5) Avoid electronics an hour before bedtime: I know we are the social media generation. While social media is a great way to socialize and learn the latest gossip, those phone screens do nothing good for insomnia. Phones, tablets and televisions all emit blue light. Blue light disrupts the production of melatonin- the sleep hormone. Without an appropriate level of melatonin in your body you just won't be able to sleep well. If you phone or tablet becomes a temptation, try storing it away from your bed. Don't keep it on your nightstand- as it's too easy to reach in the middle of the night Some people even keep their phones in another room so that they don't reach for it in the middle of the night.

And if you'd like to learn a lot more habits to help you sleep, click here to learn more.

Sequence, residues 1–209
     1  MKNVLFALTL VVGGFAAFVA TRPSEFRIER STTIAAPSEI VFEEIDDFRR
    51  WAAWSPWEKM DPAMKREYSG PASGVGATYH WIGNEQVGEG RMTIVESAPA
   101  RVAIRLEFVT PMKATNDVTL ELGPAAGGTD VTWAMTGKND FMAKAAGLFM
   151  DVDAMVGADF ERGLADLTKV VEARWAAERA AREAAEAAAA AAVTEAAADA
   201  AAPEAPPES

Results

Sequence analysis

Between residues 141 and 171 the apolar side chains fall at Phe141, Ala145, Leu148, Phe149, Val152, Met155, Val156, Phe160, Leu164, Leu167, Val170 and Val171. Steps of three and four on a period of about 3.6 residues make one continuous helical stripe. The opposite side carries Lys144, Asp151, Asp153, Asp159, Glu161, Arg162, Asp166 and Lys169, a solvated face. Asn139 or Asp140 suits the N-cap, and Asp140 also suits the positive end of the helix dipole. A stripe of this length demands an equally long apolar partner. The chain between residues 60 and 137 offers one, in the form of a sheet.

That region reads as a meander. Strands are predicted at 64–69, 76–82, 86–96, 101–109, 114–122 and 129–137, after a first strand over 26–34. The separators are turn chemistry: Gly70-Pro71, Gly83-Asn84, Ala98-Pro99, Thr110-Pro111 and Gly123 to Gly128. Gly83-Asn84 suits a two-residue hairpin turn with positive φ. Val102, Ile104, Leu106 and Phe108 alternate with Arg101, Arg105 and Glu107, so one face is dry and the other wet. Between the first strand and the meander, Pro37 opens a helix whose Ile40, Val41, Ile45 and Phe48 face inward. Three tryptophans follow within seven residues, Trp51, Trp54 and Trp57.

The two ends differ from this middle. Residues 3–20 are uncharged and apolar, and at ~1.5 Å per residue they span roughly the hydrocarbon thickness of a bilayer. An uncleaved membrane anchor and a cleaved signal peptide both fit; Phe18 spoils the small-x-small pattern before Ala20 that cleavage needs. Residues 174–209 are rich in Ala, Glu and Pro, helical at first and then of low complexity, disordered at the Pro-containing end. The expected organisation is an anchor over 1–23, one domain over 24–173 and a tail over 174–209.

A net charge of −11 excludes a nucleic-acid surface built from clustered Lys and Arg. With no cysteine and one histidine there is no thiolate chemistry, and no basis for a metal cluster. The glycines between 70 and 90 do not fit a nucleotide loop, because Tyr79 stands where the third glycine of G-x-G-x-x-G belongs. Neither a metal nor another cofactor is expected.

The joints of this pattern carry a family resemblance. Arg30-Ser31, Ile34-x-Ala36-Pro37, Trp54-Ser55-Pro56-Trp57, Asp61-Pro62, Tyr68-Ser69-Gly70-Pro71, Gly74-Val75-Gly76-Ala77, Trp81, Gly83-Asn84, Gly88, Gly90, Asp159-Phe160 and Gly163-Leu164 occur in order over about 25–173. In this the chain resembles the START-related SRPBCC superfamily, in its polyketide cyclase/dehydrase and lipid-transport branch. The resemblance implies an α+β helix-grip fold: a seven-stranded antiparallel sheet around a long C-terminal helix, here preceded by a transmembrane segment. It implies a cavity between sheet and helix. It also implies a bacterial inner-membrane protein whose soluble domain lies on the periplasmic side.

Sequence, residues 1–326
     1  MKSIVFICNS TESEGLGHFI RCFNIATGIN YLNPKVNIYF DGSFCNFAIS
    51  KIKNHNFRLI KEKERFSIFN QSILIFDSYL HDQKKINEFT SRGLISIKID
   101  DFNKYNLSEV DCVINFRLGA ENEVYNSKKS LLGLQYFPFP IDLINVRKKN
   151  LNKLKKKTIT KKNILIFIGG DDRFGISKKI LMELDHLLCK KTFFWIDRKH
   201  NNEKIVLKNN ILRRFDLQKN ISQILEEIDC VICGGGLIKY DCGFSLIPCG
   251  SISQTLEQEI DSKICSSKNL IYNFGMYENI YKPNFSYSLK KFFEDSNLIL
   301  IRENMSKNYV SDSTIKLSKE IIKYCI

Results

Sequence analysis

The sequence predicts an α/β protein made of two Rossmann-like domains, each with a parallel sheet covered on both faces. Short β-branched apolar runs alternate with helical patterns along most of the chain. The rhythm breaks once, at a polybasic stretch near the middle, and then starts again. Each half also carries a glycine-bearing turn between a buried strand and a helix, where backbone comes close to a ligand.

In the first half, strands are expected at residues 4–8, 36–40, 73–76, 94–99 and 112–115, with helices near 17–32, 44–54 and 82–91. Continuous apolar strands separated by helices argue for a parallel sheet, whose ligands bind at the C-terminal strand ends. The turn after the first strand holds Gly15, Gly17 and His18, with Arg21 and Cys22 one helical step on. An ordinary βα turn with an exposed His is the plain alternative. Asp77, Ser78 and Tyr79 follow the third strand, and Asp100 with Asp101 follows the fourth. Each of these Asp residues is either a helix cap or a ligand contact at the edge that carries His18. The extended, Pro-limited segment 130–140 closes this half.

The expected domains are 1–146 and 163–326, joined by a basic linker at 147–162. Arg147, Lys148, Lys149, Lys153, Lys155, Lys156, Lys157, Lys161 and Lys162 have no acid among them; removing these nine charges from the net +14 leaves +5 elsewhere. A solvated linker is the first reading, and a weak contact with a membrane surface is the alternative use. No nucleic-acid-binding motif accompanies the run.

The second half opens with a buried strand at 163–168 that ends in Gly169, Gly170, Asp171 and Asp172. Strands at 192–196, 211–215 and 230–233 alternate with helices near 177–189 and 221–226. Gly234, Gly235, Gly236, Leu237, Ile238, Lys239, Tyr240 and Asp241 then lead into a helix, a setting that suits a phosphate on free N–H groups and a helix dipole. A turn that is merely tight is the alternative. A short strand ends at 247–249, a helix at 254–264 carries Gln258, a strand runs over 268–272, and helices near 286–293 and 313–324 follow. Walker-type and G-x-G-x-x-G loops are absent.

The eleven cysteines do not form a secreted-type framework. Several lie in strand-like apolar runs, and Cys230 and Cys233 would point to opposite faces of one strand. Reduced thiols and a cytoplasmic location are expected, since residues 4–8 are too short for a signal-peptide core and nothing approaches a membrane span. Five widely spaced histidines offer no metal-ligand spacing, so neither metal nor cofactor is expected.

Now that you know 5 easy steps to manage your insomnia, start implementing them and let me know how it goes. If you're ready to finally kick insomnia out of your life, click here to schedule a free 15 minute consultation call to see if CBT for Insomnia is the right treatment for your sleep problems. Remember, there is help for your insomnia, You just have to reach out. I also offer online sessions for clients throughout California.

5 Benefits of CBT for Insomnia

It is estimated by the National Institutes of Health that about 30 percent of the general population have some struggles with sleep. That equals to millions of people who can't fall asleep or stay asleep every single day. Cognitive Behavioral Therapy for Insomnia (CBT for Insomnia or CBT-I) is one of the leading treatments for insomnia in the United States. If you're considering getting some help for your sleep struggles, here are some of the benefits of CBT for Insomnia.